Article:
structural components from the pollen wall through digestion (Klungness & Peng, 1984
a, b) may explain the occurrence of A. greatheadii var davyana pollen grains in the gut
of honeybees (Chapter 2). The thin, exposed intine may contribute to the high digestion
efficiency observed in honeybees for A. greatheadii var davyana pollen (Chapter 2).
The physiological state of A. greatheadii var pollen grains are deeply changed through
hydration in that the intine is exposed, presenting a region for enzyme penetration
during the digestive process. Thus pollen handling by honeybees probably “prepares”
the pollen grains for efficient digestion.
We thank L. Cresti, Department of Environmental Sciences, University of Siena, Italy
for assistance with preparation and handling of material. We are grateful to the South
African National Research Foundation, the Italian Ministry of Foreign Affairs (General
Direction for Cultural Promotion and Cooperation) in the framework of the Italy/South
Africa Science and Technology Agreement (2001-2004) and the University of Pretoria
for funding this project.
Aouali, N., Laporte, P. & Clement, C. (2001) Pectin secretion and distribution
in the anther during pollen development in Lilium. Planta 213: 71-79.
De Halac, N., Cismondi, I.A., Rodriguez, M.I. & Fama, G. (2003) Distribution of
pectins in the pollen apertures of Oenothera hookeri.velans ster/+ster. Biocell
27: 11-18.
Franchi, G.G., Bellani, L., Nepi, M. & Pacini, E. (1996) Types of carbohydrate reserves
in pollen: localization, systematic distribution and ecophysiological significance.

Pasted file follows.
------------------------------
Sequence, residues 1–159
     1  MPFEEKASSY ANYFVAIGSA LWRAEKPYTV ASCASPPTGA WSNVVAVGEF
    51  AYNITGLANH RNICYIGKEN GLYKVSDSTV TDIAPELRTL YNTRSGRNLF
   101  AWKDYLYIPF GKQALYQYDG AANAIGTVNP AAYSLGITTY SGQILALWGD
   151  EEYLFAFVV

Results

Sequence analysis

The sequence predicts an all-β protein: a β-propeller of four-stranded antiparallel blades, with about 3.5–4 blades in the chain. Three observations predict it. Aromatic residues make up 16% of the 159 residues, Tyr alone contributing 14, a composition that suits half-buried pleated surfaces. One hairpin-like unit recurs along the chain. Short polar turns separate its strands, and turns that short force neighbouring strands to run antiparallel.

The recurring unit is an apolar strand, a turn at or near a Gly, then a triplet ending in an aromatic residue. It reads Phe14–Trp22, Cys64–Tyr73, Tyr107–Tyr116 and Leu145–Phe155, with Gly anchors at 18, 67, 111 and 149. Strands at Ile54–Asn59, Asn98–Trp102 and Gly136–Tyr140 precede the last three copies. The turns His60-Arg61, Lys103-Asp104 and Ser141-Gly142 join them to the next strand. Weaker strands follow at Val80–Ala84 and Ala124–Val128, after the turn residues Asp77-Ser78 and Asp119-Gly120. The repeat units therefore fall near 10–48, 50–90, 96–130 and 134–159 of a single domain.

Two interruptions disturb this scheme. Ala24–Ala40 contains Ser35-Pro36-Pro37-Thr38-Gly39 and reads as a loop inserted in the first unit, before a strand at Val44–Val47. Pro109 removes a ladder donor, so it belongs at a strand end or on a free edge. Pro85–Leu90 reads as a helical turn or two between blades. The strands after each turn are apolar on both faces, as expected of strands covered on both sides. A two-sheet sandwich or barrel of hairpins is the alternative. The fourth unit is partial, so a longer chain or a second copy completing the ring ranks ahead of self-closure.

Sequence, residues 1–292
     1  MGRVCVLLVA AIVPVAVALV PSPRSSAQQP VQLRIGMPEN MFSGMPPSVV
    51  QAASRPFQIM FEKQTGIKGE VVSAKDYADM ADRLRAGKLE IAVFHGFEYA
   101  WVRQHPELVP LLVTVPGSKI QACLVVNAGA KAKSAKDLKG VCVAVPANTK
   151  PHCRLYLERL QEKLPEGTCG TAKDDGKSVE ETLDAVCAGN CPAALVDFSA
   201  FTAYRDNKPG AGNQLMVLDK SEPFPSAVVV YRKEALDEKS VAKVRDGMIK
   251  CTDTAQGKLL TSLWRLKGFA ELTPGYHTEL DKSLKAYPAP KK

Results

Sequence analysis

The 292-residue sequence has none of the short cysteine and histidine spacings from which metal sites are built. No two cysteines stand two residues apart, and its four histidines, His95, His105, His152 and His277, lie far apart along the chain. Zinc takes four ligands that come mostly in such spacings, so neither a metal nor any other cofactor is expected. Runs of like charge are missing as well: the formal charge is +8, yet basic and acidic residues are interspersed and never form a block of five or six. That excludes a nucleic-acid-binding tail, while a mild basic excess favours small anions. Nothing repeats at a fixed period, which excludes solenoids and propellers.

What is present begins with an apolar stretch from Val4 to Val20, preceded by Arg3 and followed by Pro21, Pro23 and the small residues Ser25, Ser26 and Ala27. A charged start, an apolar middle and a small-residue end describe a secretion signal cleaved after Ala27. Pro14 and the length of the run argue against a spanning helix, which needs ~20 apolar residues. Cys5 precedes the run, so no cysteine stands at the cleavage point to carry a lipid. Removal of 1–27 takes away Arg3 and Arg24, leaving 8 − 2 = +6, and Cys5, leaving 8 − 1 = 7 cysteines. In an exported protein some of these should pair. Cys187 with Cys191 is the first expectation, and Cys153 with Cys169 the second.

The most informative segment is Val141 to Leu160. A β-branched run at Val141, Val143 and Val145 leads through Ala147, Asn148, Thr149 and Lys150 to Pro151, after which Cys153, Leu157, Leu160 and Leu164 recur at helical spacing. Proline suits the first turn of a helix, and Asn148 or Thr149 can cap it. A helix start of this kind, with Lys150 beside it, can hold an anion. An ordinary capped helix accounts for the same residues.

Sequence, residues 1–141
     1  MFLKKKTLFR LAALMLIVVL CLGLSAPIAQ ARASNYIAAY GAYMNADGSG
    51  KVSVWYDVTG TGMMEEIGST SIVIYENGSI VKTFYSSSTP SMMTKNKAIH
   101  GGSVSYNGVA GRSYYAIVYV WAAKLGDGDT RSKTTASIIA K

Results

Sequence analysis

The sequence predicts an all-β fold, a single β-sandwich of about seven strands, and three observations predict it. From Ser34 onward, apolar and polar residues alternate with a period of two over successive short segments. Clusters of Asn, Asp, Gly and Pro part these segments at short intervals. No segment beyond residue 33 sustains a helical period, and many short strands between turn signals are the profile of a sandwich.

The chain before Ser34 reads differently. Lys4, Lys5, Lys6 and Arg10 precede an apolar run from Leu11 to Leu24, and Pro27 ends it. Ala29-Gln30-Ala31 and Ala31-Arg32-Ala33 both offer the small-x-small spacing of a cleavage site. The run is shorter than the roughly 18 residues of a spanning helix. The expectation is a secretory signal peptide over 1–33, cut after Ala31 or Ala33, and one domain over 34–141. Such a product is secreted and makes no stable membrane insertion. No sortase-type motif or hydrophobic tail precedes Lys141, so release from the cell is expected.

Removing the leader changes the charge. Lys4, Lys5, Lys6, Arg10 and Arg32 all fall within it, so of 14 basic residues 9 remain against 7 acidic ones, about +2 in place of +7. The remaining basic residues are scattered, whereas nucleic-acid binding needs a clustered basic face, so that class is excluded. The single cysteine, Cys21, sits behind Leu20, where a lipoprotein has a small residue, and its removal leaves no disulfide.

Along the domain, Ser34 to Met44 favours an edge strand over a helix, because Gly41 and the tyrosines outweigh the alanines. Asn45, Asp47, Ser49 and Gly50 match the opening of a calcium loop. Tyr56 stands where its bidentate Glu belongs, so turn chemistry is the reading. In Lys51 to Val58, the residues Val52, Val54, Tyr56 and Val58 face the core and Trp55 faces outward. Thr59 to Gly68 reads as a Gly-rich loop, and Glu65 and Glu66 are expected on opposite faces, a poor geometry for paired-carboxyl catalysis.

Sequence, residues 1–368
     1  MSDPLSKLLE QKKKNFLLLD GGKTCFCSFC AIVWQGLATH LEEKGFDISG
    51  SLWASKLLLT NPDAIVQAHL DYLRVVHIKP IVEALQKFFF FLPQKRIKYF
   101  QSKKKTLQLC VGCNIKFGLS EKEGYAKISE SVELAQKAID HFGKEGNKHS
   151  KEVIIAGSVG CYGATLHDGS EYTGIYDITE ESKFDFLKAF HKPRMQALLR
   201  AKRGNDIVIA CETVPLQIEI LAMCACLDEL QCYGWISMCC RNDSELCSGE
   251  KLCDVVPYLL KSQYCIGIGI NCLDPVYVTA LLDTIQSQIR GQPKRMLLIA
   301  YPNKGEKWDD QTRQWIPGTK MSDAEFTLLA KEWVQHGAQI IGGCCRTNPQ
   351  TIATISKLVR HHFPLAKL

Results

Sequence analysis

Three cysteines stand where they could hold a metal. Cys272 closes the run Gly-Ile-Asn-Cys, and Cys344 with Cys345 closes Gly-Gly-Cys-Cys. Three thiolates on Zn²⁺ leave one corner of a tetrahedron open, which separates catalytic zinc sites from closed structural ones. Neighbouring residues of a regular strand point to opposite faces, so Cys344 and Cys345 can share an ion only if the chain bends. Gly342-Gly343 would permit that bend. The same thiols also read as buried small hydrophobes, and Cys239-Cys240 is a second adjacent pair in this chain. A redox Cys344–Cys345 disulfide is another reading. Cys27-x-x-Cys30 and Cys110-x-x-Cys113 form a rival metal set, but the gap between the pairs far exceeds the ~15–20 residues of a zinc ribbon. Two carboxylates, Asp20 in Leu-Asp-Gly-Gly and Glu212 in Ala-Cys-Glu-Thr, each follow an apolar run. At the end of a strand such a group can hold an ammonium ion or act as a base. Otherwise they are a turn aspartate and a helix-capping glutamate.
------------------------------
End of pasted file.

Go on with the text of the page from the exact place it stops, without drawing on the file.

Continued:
Flora 191: 143-159.
Herbert, E.W. & Shimanuki, H. (1978) Chemical composition and nutritive value of
bee-collected and bee-stored pollen. Apidologie 9: 33-40.
Heslop-Harrison, J. (1971) Aspects of the structure, cytochemistry and germination of
the pollen of rye (Secale cereale L.). Annals of Botany 44: 1-47.
Heslop-Harrison, J. (1977) The pollen stigma interaction: pollen tube penetration in
Crocus. Annals of Botany 41: 913-922.
Human, H. & Nicolson, S. W. (2003) Digestion of maize and sunflower pollen by the
spotted maize beetle Astylus atromaculatus (Melyridae): is there a role for
osmotic shock? Journal of Insect Physiology 49: 633-643.
Jensen, W.A. (1962) Botanical histochemistry: principles and practice. WH Freeman
and Co, San Francisco.
Klungness, L. M. & Peng, Y-S. (1984) Scanning electron microscope observations of
pollen food bolus in the alimentary canal of honeybee (Apis mellifera L).
Canadian Journal of Zoology 62: 1316-1319.
Klungness, L. M. & Peng, Y-S. (1984) A histochemical study of pollen digestion in the
alimentary canal of honeybees (Apis mellifera L.). Journal of Insect Physiology
22: 264-271.
Nepi M. & Franchi G.G. (2000) Cytochemistry of mature angiosperm pollen grains. In
Dafni, A., Hesse, M., Pacini, E. (Eds.), Pollen and Pollination. pp. 45-62,
Springer-Verlag, Vienna.
Nepi M., Franchi, G.G. & Pacini, E. (2001) Pollen hydration status at dispersal;
cytophysiological features and strategies. Protoplasma 216: 171-180.
O'Brien, T.P. & McCully, M.E. (1981) The study of plant structure- principles and
selected methods. Termarcarphi Pty, Melbourne.
Pacini, E. (1986) An approach to harmomegathy. In Cresti, M., Dallai, R. (Eds.),
Biology of Reproduction and Cell Motility in Plants and Animal. pp. 126-133,
University of Siena Press, Italy.
Roulston, T.H. (2005) Pollen as a reward. In Dafni, A., Kevan, P.G., Husband,
B.C. (Eds.), Practical pollination biology. pp. 234-260, Enviroquest,
Cambridge, Ontario.
Roulston, T.H. & Cane, J.H. (2000) Pollen nutritional content and digestibility for
animals. Plant Systematics and Evolution 222: 187-209.
Stanley, R.G. & Linskens, H.F. (1974) Pollen: biology, biochemistry, management.
Springer-Verlag, New York.
Suarez-Cervera, M., Marquez, J., Bosch, J. & Seaone-Camba, J. (1994) An
ultrastructural study of pollen grains consumed by larvae of Osmia bees
(Hymenoptera, Megachilidae). Grana 22: 191-204.
Fly UP